Department of Music and Dance
500 College Avenue
To whom it may concern:
Ken Zuckerman is a marvellous musician whose numerous performances at Swarthmore College over a dozen or so years have always been occasions of beauty, poetry, refinement, excitement, and profound pleasure. As a composer, a professor whose teaching areas include Asian music, and as an educated devotee of North Indian classical music, I can affirm that Mr. Zuckerman’s native musicality and poetic spirit are of the highest order, and would undoubtedly be manifest in any musical tradition, including European early music (one of his areas of expertise).
His mastery of the sarod, and of the raga tradition in which he has been immersed for so many years, is of a very high order of instrumental technique and profound musical understanding. This is all the more extraordinary given that he is a Westerner, not “born into” Indian traditions. But once one enters into the unfolding of one of Mr. Zuckerman’s performances of a raga, one forgets to notice his nationality and becomes absorbed entirely by the music and the thoughtful personality that is projected through it. It is ultimately not surprising that he is fully accepted by the most renowned Indian musicians as an equal, and performs regularly to great acclaim in India. He is a favored disciple of Ustad Ali Akbar Khan and a frequent collaborator with such tabla masters as Zakir Hussain and Swapan Chaudhuri.
Mr. Zuckerman is also a gifted teacher. His visits to classes and public lecture-demonstrations have been models of effective and enjoyable communication. With his engaging and modest manner he is able to draw students into Indian musical philosophy and technique so that they experience in a visceral and immediate way the basic principles of raga and tala and begin to have a feeling for the deeper aesthetic and cultural resonances in the music. He is also an remarkable role model for our age of global cultural inter-relations, as an American whose love for a rich and ancient musical culture from across the world has transformed his life and enriched those of many others.
Professor of Music
April 26, 1998
Department of Music
June 21, 1998
To whom it may concern:
Ken Zuckerman has asked me to write a brief note about his visits to Haverford College during recent academic years. I am glad to oblige him. Ken’s recitals here with tablists Zakir Hussain and with Swapan Chaudhuri were performed before large and very appreciative audiences. Listeners were impressed with his command of the sarod, with the respect this artistry earns him among tablists of the very highest rank, with the evident warmth that he brings to concert hall.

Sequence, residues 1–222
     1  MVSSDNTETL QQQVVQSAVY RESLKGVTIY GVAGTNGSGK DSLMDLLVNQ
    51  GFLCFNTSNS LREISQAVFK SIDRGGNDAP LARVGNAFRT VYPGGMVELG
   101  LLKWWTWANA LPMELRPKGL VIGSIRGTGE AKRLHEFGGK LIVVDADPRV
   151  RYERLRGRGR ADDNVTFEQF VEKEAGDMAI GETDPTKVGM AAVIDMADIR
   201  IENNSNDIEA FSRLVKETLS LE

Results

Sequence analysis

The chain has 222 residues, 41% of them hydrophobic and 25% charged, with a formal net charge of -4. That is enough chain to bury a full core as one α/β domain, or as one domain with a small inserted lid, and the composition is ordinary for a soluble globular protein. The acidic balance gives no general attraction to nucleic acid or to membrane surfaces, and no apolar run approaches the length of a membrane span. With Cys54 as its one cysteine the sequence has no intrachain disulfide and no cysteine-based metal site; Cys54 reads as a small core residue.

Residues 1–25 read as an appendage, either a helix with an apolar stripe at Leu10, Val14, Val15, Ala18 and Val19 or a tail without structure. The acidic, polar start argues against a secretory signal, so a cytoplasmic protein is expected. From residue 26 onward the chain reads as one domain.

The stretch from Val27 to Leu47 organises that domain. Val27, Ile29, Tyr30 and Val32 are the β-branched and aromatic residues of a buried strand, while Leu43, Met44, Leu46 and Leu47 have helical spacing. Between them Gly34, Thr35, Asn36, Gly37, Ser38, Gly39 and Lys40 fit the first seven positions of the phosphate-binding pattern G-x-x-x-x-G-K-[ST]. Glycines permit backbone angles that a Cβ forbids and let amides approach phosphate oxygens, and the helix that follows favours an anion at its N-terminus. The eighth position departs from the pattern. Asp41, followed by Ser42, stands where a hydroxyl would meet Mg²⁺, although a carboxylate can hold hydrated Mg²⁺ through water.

Some members of the College community, of course, come well prepared for his performances. But for others this is very new territory. I am thus especially grateful for Ken’s skills as a teacher. We often arrange for our musical visitors to lead workshops or lecture demonstrations for interested students in conjunction with their visits. Ken’s visits have consistently been extremely effective in this regard. He shows us the basic elements of the tradition, teaches us to clap and to sing the fundamental structures or tala and raga, and gives us a clear explanation of how they work in combination. Students are duly impressed by the seriousness of his commitment to this music, as well as by the joy and humor he brings to the classroom. In all, his visits have been both musically rewarding and ideal opportunities for learning about South Asian music and musical life.
Please do not hesitate to be in touch if there is anything I might provide on Ken’s behalf, or if you would like to speak in greater detail about the sorts of projects we have undertaken together.
With best wishes,
Chairman, Department of Music
Michigan Technological University
School of Forestry and Wood Products
Houghton, MI 49931
I was one of the fortunate audience members at Michigan Tech in Houghton, MI who thoroughly enjoyed your Sarod performance on March 12, 2000. You are certainly a highly accomplished artist and thanks for visiting our relatively small campus and town. I would like to share an interesting experience with you and I hope you will enjoy hearing about it.
In India, we have a concept of “NadBrahma” i.e. God in the form of music. When you were playing Hemant in a Jalad fashion (the Jhala) towards the end, I strongly felt that a divine sound of AUM was resonating from your Sarod. Due to my upbringing in a musical family from India, perhaps it was not most surprising that I was experiencing that “Nadbrahma” in your music. But my 10-year daughter who is in US since she was 10-months old and has not much contact with Indian music turned to me at that second and asked me “Dad, can you hear the sound of AUM?” I am sure it was not a coincidence that we both felt the same thing at the same moment. Many others in the audience must have felt something similar in your music.
You have achieved that “God in the form of music” through 24-plus years of practice and please continue to share this joy with as many people as you can. With best wishes,
Dr. C.P. Joshi
Assistant Professor of Forest Biotechnology
Plant Biotechnology Research Center
School of Forestry and Wood Products,
Michigan Technological University, Houghton, MI 49931